Dave Roberts, director at EA Technology, explains how the OpenLV project is meeting the challenge of keeping the lights on whilst decarbonising the future.
The UK energy system is undergoing a transformation towards a decarbonised, decentralised, and digitalised future. Our response to the emergency on climate change has resulted in radical shifts over the last decade in the way we generate electricity, away from a small number of centralised power stations, to many renewable generators distributed throughout the land. This allows us to use low carbon electricity for new purposes – like powering the cars we drive, or the way we heat our homes.
Indeed, the wave of plug-in electric vehicles is starting to build at an increasing pace with changes in policy, coinciding with increased customer choice and lower price points from the car makers. The 2020s are expected to be the period of rapid consumer transition, which will put pressure on the one million Low Voltage underground cables and overhead lines that deliver power to our homes and businesses.
These silent, and in many cases aged, bits of infrastructure are critical to our society – providing the backbone to our very economy. Yet few of us even notice, or care, when we plug in our devices, or switch on new loads. These networks have done a fantastic job since they were installed, but they are constrained. Each cable has a finite capacity, which, if operated above this, causes damage; ultimately resulting in the lights going out – not great as we become more reliant on electricity as our main energy vector.
Meeting the demand
We know that one electric car uses about the same electricity as one home in a year. That’s a big deal if we are trying to charge our vehicles at the same time as we are using energy in the house. Bigger networks will be needed in some areas but shifting the demand away from the evening helps tremendously – and has been proven to work. Quicker to roll out, and in many cases cheaper than building new infrastructure, the ability to ‘flex’ the demand (for example, smart charging for plug-in electric vehicles) will become more and more important to keep the lights on and costs down.
The trouble is, we are all different, and the networks that serve us are also different. The peaks and troughs in power vary across the country, dictated by our activity as users. The demands are therefore highly specific to an individual street, and it’s not obvious to any of us when these occur. And unfortunately, smart meters alone can’t help.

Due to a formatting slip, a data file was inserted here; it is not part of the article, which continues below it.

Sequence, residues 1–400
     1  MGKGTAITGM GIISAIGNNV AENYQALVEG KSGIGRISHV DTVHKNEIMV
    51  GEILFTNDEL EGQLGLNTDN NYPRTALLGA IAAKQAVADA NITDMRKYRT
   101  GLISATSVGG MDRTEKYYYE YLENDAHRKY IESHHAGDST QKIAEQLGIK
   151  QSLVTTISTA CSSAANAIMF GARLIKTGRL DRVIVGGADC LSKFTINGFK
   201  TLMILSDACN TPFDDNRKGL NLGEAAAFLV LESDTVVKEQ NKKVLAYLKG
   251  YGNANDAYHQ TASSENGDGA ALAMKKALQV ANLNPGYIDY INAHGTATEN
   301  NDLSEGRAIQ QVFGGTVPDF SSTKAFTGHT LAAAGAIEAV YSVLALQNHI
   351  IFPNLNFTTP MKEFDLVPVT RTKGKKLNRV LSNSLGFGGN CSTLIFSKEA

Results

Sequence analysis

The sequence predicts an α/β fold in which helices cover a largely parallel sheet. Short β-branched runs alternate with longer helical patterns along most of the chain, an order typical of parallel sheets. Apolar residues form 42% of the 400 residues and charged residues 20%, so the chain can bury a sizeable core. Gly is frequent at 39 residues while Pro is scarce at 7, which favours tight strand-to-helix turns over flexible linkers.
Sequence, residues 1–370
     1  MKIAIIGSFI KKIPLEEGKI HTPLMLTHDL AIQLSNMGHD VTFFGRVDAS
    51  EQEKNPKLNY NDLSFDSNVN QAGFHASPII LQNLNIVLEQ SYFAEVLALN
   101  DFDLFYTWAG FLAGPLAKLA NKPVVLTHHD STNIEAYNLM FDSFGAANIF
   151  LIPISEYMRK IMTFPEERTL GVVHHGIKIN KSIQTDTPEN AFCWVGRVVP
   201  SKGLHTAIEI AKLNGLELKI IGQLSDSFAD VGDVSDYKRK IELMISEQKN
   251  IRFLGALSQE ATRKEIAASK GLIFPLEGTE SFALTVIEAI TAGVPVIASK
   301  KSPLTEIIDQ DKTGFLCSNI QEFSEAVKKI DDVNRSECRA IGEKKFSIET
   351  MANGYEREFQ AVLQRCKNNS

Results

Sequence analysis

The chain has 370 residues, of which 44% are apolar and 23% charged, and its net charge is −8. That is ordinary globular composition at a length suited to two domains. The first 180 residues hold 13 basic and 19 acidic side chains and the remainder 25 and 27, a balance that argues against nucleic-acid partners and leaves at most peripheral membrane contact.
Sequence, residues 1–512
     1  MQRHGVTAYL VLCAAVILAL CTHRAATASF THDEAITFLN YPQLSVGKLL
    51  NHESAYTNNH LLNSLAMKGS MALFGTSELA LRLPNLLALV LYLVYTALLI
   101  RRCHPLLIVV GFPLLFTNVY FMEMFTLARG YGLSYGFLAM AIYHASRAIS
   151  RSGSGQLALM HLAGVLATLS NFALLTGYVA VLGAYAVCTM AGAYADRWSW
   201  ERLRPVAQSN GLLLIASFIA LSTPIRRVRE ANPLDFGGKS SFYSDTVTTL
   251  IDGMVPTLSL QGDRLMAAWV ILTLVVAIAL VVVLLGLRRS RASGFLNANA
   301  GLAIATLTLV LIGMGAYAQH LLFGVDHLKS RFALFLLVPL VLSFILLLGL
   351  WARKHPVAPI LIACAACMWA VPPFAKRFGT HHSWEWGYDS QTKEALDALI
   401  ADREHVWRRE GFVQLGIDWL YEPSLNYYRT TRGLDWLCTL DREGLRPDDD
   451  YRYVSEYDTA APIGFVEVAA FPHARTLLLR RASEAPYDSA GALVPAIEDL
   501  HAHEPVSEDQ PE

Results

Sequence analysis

The simple answer, then, is to provide an automated link from these networks to users (or organisations wishing to ‘bundle’ services to users), to encourage us to draw power at a time that works for our lives, and for the power network.
But it’s not quite that simple – only a tiny fraction of the 500,000+ low voltage distribution substations are monitored. And those that are monitored use different systems and can’t easily talk between vendors. We need a low-cost, flexible and secure way for this to be provided at scale.
Working in real-time
This concept is starting to gain traction. The OpenLV project, run by EA Technology and Western Power Distribution, is combining low cost monitoring hardware for local substations, with an open but secure software platform, to provide visibility of the network in real-time, and allowing multiple apps to be developed and deployed by multiple parties (analogous to the ones on your smartphone).
We are making local electricity data available, and open. We are trialling the Low Voltage Common Application Platform (LV-CAP), in 80 substations, to provide decentralised control, enhanced network monitoring, and enabling a new industry to develop apps for new services.
Two years into the project, we have successfully engaged with a range of communities, businesses and service providers. With limited marketing, we have everyone from lone activists seeking to educate their street on local energy use, through to major data organisations who have run global competitions for that ‘killer’ app. Strong evidence suggests that once deployed, the market will be able to offer a range of solutions, at competitive prices.
With confidence building, we are now looking to scale beyond a trial – it needs to be everywhere. As mentioned, to get to all 27 million households in Britain, you need to tap into all the 579,000 local substations. EA Technology’s LV-CAP/Visnet ecosystem can be delivered for around £2.10 per year per household.
We are already working on specific offerings to distribution companies, to help them manage faults, and get units deployed in substations as part of their business-as-usual.
We then see three critical steps for further expansion:
1. Specify a national, open platform. We believe our LV-CAP would be perfect, but we do recognise that a wider choice, albeit tightly specified, might create more momentum in an open market. Open is the key point here – the way apps work with the platform needs to be published to allow app developers free reign to deploy (think Google’s Android or Apple’s iOS)
2. Agree a timeline. Partial deployment will not unleash the benefits that we’ve talked about. We need rapid, ubiquitous roll-out from John O'Groats to Land’s End, and ideally within five years. The Distribution Network Operators hold the keys (to their substations), the energy regulator, Ofgem, can support/encourage deployment through some light standardisation and an agreement on funding
3. Agreement on data ownership. We need clarity on the data – it's for society’s benefit. We need ownership to be consistently applied across the country in an open access, easy-to-use format, with suitable levels of cybersecurity.
We believe this solution is the right one to unlock the electricity networks and catapult them forward for the next 50 years – so let’s now make this happen.